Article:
9. (2008). Chemistry of the Antarctic boundary layer and the interface with snow: an overview of the CHABLIS campaign,
  10. (1998). Climatology of the three coastal Antarctic stations Dumont d’Urville,
  11. (2000). Computed contributions to odd nitrogen concentrations in the Earth’s polar middle atmosphere by energetic charged particles, doi
  12. (1993). Evidence for winter/spring denitrification of the stratosphere in the nitrate record of Antarctic ice cores,
  13. (1999). Evidence of NOx production within or upon ice particles in the Greenland snowpack, doi
  14. (2000). Factors controlling nitrate in ice cores: evidence from the Dome C deep ice core,
  15. (1996). High-resolution ammonium ice core record covering a complete glacial-interglacial cycle, doi
  16. (2001). Ice-core evidence for a small solar-source of atmospheric nitrate,
  17. (1999). Identification of major proton fluence events from nitrates in polar ice cores,
  18. Impurity sources of F−, Cl−,
  19. (1986). Nitrate flux on the Ross Ice Shelf, Antarctica and its relation to solar cosmic rays, doi
  20. (1995). Nitrate in Polar Ice, in: Ice core studies of global biogeochemical cycles, edited by:
  21. (2007). Nitrogen and oxygen isotopic constraints on the origin of atmospheric nitrate in coastal Antarctica,
  22. (2006). Ocean sea-ice extent, productivity and iron flux over the past eight glacial cycles, doi
  23. (1990). Origins and variations of nitrate in south polar precipitation,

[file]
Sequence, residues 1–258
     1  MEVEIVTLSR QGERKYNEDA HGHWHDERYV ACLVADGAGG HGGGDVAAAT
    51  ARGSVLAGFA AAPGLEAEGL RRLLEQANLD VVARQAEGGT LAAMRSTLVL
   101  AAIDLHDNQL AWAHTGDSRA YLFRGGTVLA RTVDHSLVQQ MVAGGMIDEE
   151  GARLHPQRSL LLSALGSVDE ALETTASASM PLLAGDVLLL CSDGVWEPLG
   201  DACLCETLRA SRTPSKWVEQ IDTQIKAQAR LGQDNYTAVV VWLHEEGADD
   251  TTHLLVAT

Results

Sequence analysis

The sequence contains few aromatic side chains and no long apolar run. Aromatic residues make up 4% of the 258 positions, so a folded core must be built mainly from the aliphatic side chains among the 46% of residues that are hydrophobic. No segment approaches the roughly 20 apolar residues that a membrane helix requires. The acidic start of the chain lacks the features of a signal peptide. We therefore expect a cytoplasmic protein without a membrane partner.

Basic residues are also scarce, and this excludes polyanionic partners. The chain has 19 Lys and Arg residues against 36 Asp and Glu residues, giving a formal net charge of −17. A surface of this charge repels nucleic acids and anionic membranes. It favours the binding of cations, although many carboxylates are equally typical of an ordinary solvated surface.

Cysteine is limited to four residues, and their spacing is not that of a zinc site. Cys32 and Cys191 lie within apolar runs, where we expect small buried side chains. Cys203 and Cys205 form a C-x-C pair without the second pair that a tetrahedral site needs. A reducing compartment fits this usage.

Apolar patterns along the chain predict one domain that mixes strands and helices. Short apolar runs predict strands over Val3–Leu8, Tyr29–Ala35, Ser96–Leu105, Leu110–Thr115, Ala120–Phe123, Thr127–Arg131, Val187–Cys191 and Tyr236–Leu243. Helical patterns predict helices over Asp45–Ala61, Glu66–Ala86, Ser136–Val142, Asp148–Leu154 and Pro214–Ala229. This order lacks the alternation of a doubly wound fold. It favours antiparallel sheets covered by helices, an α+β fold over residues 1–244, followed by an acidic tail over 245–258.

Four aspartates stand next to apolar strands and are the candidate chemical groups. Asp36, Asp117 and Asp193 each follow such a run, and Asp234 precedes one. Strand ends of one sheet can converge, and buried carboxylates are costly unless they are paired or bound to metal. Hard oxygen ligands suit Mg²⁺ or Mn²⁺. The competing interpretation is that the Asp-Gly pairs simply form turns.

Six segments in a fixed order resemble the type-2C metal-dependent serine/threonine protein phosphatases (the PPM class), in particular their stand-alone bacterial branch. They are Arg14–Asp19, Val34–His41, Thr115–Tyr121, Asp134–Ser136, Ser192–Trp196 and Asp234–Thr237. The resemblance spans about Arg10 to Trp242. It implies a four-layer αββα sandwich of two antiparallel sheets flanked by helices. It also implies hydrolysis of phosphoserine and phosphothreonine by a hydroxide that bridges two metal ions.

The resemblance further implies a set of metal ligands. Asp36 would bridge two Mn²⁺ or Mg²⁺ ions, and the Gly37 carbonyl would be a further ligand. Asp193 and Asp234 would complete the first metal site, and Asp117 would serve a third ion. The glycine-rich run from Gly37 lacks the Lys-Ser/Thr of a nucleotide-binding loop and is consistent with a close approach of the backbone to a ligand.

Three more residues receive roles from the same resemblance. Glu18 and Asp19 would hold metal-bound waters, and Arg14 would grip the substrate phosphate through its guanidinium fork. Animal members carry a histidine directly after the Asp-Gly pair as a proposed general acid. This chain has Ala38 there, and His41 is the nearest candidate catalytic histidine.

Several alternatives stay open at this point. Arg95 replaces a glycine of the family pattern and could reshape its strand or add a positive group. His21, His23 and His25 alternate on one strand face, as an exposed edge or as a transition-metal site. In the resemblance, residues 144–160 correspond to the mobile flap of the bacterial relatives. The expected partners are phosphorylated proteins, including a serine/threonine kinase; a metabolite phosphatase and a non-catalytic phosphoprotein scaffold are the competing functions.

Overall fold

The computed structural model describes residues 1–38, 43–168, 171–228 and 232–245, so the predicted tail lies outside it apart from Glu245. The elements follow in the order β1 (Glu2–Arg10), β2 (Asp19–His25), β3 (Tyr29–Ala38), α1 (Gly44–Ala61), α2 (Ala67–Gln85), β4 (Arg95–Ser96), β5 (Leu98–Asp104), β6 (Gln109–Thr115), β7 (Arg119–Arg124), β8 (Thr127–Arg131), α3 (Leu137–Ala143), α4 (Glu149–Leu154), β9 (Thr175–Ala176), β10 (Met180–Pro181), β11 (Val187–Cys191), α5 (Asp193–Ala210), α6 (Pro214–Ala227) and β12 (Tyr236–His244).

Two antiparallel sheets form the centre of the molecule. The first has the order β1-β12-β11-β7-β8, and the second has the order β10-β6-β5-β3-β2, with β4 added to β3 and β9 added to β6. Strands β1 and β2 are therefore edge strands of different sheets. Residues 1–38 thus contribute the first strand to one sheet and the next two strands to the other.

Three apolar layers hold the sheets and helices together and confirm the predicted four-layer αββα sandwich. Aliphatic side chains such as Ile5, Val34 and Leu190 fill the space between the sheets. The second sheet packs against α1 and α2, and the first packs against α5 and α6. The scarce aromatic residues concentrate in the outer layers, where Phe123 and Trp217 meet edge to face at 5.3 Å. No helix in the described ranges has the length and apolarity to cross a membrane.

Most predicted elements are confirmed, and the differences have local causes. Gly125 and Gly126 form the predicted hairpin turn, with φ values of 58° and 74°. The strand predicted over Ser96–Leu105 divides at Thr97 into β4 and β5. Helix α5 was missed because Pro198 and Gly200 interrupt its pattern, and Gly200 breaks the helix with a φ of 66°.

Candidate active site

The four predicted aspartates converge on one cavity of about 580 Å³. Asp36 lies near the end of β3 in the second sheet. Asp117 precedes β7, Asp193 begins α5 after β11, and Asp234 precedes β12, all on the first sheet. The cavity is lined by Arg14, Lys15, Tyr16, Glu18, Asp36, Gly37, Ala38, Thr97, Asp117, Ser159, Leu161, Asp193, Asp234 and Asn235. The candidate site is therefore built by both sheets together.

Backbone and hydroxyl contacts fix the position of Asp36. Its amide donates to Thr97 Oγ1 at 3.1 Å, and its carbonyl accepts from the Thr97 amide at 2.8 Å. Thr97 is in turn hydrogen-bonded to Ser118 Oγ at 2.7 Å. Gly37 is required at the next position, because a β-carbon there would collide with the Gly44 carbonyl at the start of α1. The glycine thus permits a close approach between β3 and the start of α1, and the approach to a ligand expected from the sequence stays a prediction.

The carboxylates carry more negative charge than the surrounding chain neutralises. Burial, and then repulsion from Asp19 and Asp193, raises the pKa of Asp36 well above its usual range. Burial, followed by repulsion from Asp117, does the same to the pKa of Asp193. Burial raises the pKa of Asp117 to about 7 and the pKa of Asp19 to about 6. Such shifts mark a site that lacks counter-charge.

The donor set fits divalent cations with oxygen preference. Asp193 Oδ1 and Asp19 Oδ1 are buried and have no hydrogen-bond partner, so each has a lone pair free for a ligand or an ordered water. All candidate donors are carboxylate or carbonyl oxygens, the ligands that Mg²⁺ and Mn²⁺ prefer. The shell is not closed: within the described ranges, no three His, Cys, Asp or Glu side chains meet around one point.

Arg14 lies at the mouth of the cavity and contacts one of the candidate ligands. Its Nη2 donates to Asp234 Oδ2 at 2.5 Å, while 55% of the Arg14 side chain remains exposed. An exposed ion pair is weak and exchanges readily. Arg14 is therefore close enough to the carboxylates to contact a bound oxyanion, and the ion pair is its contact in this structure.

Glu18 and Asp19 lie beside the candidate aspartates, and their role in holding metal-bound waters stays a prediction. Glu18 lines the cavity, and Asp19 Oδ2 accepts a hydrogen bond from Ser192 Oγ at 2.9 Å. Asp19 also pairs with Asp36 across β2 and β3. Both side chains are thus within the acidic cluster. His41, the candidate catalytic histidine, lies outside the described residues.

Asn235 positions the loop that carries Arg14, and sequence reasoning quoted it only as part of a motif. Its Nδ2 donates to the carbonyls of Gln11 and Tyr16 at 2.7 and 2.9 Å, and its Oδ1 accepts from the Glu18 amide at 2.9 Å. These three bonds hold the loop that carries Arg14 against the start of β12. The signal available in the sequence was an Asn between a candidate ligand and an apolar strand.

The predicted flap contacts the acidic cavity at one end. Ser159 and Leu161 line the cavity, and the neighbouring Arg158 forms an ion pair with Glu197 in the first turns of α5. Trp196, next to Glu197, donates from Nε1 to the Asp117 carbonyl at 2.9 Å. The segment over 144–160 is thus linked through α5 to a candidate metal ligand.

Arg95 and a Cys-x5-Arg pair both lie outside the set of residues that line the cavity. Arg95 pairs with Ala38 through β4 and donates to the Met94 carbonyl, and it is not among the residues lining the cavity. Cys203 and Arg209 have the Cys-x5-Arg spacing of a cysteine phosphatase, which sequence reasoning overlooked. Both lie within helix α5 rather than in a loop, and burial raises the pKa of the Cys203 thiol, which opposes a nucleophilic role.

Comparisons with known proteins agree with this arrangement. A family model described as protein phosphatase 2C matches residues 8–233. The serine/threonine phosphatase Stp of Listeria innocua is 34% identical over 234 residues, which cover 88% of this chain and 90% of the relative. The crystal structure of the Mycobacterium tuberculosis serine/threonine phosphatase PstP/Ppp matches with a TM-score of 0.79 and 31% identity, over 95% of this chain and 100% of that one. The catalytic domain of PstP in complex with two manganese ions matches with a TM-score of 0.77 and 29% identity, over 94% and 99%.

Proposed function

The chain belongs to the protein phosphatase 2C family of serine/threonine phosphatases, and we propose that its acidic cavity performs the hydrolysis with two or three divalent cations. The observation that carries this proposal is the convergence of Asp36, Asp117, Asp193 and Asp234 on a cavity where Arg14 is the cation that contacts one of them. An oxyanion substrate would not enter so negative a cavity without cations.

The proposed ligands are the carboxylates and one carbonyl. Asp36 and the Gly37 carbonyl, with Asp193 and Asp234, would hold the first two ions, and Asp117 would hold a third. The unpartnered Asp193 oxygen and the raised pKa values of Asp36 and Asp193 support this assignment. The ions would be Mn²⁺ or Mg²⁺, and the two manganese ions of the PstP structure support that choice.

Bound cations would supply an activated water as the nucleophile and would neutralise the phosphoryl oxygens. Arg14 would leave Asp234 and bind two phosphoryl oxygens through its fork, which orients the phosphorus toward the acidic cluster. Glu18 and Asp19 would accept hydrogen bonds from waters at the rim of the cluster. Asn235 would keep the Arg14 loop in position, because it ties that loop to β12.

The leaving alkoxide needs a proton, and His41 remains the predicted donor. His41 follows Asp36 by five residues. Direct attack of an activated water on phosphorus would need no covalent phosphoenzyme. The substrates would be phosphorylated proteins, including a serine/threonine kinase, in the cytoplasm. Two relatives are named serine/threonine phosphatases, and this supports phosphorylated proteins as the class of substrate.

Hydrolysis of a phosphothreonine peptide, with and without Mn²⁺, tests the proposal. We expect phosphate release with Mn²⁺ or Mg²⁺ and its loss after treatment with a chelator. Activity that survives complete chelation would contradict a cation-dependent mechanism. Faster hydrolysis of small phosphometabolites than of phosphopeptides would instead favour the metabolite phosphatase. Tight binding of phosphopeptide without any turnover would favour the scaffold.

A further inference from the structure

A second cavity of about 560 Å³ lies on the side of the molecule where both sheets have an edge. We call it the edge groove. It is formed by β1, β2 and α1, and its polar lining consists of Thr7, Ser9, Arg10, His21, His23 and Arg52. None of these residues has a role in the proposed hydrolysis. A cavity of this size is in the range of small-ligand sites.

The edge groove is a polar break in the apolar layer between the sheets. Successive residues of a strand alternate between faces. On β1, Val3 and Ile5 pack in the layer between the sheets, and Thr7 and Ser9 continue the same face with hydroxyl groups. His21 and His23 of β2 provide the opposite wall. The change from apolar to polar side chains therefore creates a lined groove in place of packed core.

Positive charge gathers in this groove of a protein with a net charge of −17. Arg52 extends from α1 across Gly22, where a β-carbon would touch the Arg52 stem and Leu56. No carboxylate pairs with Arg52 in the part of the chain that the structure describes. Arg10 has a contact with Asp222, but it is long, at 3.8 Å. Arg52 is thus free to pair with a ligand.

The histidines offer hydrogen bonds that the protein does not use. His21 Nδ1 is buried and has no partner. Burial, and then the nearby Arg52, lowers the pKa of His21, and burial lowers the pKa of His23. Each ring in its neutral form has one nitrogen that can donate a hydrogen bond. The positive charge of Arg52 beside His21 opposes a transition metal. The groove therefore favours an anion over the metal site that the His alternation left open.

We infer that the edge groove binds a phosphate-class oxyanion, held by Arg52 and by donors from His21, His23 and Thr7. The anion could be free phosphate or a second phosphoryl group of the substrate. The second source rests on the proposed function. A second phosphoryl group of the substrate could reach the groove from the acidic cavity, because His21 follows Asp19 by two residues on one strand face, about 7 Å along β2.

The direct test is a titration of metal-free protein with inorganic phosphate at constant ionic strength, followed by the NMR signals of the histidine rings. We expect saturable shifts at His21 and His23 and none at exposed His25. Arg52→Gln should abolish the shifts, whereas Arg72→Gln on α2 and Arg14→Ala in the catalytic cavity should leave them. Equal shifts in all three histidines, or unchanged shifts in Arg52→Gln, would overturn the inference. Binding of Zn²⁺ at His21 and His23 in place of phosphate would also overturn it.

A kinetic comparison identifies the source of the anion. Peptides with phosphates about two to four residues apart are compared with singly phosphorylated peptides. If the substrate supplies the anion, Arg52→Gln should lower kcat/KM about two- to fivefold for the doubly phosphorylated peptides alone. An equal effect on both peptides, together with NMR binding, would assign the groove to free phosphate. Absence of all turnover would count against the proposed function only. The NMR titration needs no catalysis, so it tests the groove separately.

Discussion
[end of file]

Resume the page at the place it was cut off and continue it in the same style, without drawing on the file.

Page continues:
24. (1998). Post-depositional change in snowpack nitrate from observation of year-round near-surface snow in coastal Antarctica,
  25. (1999). Reassessment of net surface mass balance in Antarctica,
  26. Recent climate anomalies and their impact on snow chemistry at South Pole, doi
  27. (2001). Solar cosmic ray events for the period 1561– 1994 1. Identification in polar ice, 1561–1950,
  28. (1989). Soluble and insoluble impurities in snow samples from Ross Island, Antarctica,
  29. (2004). South Pole NOx chemistry: an assessment of factors controlling variability and absolute levels, doi
  30. (1994). Spatial variability of the major chemistry of the Antarctic ice sheet,
  31. (2000). Speciation and rate of photochemical NO and NO2 production in Antarctic snow, doi
  32. (1989). Studies of polar ice: insights for atmospheric chemistry, in: The environmental record in glaciers and ice sheets, edited by: Oeschger,
  33. (1998). Sulfate and nitrate firn concentrations on the Greenland ice sheet 2. Temporal anthropogenic deposition changes, doi
  34. (2005). Temporal variability of the descent of high-altitude NOx inferred from ionospheric data, doi
  35. (2007). The multi-seasonal NOy budget in coastal Antarctica and its link with surface snow and ice core nitrate: Results from the CHABLIS campaign,
  36. (1988). Vostok (Antarctica) ice core: atmospheric chemistry changes over the last climatic cycle (160 000 years),
  37. (2008). Wolff et al.: Nitrate in polar ice

To submit an update or takedown request for this paper, please submit an Update/Correction/Removal Request.